Alaska is set to be the first state with laws on the books regulating marijuana use in retail cannabis shops.
Alaska Lt. Gov. Kevin Meyer on Tuesday signed off on new regulations that allow on-site cannabis use in retail marijuana shops. The rules go into effect April 11. That’s when freestanding stores can start to apply for endorsements from the state to allow customers to consume cannabis on their premises.
The Alaska Marijuana Control Board approved the regulations in December, but they still had to be reviewed by the state Department of Law and signed by Meyer before they could go into effect.
Meyer’s sign-off comes after years of back-and-forth by state regulators on whether Alaska’s cannabis shops should be allowed to let people use their products on-site.
“The big news is, the suspense is over,” said Mark Springer, chair of the Alaska Marijuana Control Board. “I’m sure there is a lot of excitement in the industry today.”
Mid-July could be the earliest that an on-site consumption facility might open, Alcohol and Marijuana Control Office director Erika McConnell said in an email.
Per the new rules, the area where customers will be able to consume their cannabis has to be separate from other parts of the store. There has to be a ventilation system, and there has to be a smoke-free area for employees to monitor the consumption area. People also won’t be allowed to bring marijuana from elsewhere into a store’s consumption area.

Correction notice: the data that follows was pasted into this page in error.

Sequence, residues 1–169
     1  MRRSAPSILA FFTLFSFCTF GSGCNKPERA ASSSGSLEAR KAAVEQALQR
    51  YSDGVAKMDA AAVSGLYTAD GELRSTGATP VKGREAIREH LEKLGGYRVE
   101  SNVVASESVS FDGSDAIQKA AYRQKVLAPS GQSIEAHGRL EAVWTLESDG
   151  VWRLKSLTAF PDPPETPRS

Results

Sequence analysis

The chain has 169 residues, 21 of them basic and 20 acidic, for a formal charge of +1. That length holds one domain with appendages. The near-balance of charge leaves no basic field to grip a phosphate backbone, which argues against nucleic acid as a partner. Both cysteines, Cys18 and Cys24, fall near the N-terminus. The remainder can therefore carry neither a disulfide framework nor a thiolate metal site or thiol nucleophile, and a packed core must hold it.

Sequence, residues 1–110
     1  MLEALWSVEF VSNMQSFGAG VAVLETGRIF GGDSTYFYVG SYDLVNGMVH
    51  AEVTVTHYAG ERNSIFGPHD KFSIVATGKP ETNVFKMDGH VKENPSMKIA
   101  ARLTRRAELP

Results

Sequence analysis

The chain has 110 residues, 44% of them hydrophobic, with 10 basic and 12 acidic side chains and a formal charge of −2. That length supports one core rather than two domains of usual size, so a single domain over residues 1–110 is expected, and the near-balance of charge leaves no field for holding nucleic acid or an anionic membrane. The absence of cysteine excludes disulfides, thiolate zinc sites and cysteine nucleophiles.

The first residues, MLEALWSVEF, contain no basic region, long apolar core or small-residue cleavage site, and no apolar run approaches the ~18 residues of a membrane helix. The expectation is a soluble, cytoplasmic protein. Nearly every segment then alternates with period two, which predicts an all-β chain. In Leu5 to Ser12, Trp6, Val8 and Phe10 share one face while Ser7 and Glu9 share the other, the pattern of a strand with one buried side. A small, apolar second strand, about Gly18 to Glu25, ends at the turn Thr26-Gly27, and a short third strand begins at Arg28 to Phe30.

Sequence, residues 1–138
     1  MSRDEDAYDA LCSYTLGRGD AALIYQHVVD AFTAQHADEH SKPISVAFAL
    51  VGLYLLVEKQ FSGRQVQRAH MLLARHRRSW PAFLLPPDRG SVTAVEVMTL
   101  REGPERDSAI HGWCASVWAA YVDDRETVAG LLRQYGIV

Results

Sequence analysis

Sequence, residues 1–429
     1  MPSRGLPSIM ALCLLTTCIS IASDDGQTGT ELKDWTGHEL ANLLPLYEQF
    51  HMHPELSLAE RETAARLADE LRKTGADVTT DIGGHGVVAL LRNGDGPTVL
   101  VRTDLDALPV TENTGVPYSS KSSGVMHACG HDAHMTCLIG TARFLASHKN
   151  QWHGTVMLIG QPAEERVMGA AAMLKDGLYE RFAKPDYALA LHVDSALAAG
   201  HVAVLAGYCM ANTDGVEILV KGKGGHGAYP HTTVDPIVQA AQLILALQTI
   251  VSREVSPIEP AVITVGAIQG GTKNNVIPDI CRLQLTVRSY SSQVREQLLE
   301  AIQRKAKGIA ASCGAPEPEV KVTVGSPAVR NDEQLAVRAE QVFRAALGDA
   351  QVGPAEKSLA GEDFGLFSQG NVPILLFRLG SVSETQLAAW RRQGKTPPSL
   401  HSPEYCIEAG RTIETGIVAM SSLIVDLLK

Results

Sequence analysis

There are still hurdles that businesses will likely face in getting on-site consumption up and running. Those include workplace smoking bans and the investment it might take to comply with regulations, Springer said.
There are cities in the Lower 48 that have laws for consuming cannabis in designated spaces, but Alaska is the first to have statewide regulations for on-site consumption at retail shops, according to McConnell and others in the state’s marijuana industry.
California law “allows local jurisdictions to authorize the on-site consumption of cannabis by state-licensed retailers,” according to the cannabis blog of law firm Harris Bricken. Most local governments in California have “explicitly prohibited” on-site consumption and cannabis lounges, according to that blog.
Per Alaska’s new rules, local governments here will have the option to prohibit endorsements for on-site consumption.
The Alaska Marijuana Control Board has heard public arguments from opponents and supporters of on-site consumption stretching back to 2015.
“I was really glad everybody got a chance to say what they wanted to say,” said Cary Carrigan, executive director of the Alaska Marijuana Industry Association. “It was pretty drawn out.”
He’s excited about what the new rules could mean for tourism. Since smoking marijuana isn’t allowed in public in Alaska, tourists who want to use cannabis have had few options for where to do so legally.
“I think it’s going to be huge for us in that regard,” Carrigan said. “I think people are going to realize we’re open for business for tourists.”